What’s Casper The Friendly Ghost Got To Do With This?

A day after my post about ending friendships and not wanting to be “ghosted,” the brilliant Emily wrote a piece offering an opposing viewpoint. I’m reposting it below and coining a new term: Diablog. (might not be new. didn’t bother checking)

I strive to be fair and have open discussions about important things. Like childhood cartoons.

What was Casper’s problem?

He desperately wanted friends, but everyone was scared of him because he was a ghost. I relate to that so deeply. I mean, I wasn’t a ghost, but I also wasn’t seen.

I was a smarty-pants, “bossy” girl, who could pick the game and save the day…but no one liked her.

My sense of self is as intertwined with a desperate desire for friends as Casper’s was. But what constitutes labels like “friend,” “best friend,” “ex-friend,” “un-friend,” or even “ghost,” is a conversation I continue to find fascinatingly relevant. It comes down to Relationship. Are you in one? How do you end one? Is it “better” if both sides participate, even in the ending?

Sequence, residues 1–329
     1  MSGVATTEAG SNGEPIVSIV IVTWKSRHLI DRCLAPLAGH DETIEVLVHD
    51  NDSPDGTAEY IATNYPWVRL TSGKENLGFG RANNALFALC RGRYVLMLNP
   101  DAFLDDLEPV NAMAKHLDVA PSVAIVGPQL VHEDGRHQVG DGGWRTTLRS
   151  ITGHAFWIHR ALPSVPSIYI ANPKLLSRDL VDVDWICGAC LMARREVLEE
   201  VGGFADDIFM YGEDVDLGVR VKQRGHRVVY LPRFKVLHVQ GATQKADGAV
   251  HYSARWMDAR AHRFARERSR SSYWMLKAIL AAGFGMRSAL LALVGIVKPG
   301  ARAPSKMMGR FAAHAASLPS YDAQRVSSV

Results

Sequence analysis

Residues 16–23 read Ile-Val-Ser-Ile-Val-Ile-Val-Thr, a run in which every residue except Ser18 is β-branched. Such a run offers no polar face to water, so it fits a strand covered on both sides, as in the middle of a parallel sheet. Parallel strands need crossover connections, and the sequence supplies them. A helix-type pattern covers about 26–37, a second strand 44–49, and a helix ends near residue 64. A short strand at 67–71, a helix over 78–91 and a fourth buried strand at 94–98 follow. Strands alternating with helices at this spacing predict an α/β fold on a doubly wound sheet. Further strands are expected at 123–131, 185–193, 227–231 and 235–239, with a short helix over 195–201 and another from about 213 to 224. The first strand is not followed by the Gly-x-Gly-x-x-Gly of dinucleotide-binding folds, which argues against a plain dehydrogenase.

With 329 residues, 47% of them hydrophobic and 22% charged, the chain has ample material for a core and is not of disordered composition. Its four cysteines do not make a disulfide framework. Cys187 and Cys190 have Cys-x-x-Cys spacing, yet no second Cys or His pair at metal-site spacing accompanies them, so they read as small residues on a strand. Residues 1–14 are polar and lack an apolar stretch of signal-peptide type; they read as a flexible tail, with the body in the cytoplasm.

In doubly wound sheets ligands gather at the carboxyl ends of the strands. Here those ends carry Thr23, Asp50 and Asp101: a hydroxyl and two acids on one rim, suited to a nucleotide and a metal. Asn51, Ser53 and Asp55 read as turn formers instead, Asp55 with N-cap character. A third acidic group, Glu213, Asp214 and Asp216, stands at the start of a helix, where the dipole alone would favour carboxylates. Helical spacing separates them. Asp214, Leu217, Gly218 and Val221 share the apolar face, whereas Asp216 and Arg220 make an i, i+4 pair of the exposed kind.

Check it out and leave comments, or join the diablog, make it a triablog (no, that’s just silly), and continue the discussion in your blogsphere!

Confessions of a Ghost



I…I kind of appreciate ghosting. I view it less as losing a friend and more as simply letting things lapse, putting your favorite book on the shelf and leaving the story there, between its covers. Someone’s if you pull the book off the shelf (run into the friend) you realize the book was a good memory but doesn’t really hold up now, and you can let the dust settle. Other times the story was just waiting, it’s still good, and was simply waiting for the right time to be read again (and the friendship picks up, catching up quickly and reveling in each other like no time has passed).



Is that “ghosting?” What you describe doesn’t sound intentional; disappearing after a conflict, but just a natural lapse. Do you find you do it or that it is done to you, more often?

What do you think?